Also I have several new pieces of art to share. Expect a bunch of art posts in the coming week. And by expect I mean nag me about it on Twitter so I actually do it.

Thanks.

-G

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see that dark one walking there/see the moon caught in her hair/she’s a ghost among your men/she’s a dark one understand

Portrait of Selene Shields, the Dark Moon • graphite pencil • 12″x9″ smooth bristol board • February 2017

I started this in February, which is Black History Month, and I’m posting it here in March, which is Women’s History Month. Both subjects are pertinent to Selene, who is both. I’ve long wanted to do a sister-portrait to “Woman of Thunder” but was lacking the right visual inspiration for Selene. That came to me while writing one of the recent Driving Arcana stories, where there was a lot of lunar imagery and it occurred to me that a fun visual play could be done with a face side-lit by a full moon—in essence created two crescents. The fact that the moon itself does not shine, but only reflects the sunlight cast upon it, was also influential. People forget that the moon is also a dark one, but even in darkness we feel her pull.

You can see Selene in action in Driving Arcana, available in paperback and ebook from Heliopause. Prints available here!

call her a beast, call her a villain, she’ll find a way to settle the score/she sits in the dark, her finger on the trigger/don’t doubt her blood’s redder than yours

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What a month. I am going to make a blanket assumption that everyone reading this is at least as terrified as I am at the political climate change going on, which is almost as dangerous to the future of humanity as the natural climate change we have even less control over.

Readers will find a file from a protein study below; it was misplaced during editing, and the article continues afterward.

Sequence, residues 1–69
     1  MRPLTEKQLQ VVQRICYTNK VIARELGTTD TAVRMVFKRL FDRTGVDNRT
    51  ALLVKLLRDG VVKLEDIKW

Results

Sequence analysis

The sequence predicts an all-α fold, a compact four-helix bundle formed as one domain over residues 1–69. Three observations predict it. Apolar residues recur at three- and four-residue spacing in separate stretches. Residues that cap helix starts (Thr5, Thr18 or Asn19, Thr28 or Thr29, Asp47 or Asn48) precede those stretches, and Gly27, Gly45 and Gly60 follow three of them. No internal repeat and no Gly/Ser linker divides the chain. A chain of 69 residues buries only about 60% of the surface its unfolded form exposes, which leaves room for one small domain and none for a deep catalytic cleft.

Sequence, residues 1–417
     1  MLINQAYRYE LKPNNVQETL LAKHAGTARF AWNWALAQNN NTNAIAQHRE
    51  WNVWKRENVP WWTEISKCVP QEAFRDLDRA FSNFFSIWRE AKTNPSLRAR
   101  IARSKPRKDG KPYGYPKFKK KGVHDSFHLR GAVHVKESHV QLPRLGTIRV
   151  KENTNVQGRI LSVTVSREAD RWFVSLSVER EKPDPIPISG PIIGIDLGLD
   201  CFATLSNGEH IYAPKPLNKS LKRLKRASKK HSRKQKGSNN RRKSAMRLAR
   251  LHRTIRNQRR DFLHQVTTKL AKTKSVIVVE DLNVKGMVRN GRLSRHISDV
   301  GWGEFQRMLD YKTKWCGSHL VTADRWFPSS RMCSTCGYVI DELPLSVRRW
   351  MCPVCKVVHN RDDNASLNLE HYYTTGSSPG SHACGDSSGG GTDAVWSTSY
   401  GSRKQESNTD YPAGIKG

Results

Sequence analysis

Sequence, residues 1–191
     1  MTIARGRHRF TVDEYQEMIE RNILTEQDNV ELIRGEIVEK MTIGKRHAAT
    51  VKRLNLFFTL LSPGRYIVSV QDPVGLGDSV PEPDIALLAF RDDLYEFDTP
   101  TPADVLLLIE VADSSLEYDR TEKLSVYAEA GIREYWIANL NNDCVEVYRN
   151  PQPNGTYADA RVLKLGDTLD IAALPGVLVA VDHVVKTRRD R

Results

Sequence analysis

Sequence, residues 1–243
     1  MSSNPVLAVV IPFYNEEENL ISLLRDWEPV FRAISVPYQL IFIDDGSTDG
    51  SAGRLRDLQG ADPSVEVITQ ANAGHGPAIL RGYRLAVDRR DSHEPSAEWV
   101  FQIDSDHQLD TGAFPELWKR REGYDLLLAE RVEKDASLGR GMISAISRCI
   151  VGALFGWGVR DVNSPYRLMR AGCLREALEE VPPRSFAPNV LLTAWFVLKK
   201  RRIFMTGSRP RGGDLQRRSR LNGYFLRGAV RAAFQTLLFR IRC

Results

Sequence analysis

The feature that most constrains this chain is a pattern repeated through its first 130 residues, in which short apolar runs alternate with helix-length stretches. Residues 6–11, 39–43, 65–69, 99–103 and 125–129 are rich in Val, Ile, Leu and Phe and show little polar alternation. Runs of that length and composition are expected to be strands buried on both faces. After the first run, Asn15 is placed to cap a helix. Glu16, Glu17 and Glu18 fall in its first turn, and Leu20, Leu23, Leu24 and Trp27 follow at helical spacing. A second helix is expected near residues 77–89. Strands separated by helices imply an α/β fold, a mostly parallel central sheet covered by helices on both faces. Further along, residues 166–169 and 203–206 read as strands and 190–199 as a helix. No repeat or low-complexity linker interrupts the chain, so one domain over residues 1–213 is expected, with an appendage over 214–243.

But in the tradition of artists in times of crisis, and I am going to keep on doggedly doing what I do, as hard and as best that I can. To that end I’m extremely pleased to announce that Heliopause put out three new titles this month! The long-overdue third rotation of Driving ArcanaProfessor Odd #9, and last but not least the Perihelion 2017 issue of Apsis Fiction! You’ve probably already seen the covers, but I’m going to share them again, because I am so proud of them.

Looking forward to next month (tomorrow—eep!) things are going to be very busy on the Professor Odd front: we have Episode 10, “The Thousand Songs” coming out as a single, and—hopefully—the Complete Season 1 (episodes 1-6). The Season 1 volume is still in the process of being put together, but I can share with you the cover for “Thousand Songs” (which can also be found in Perihelion 2017).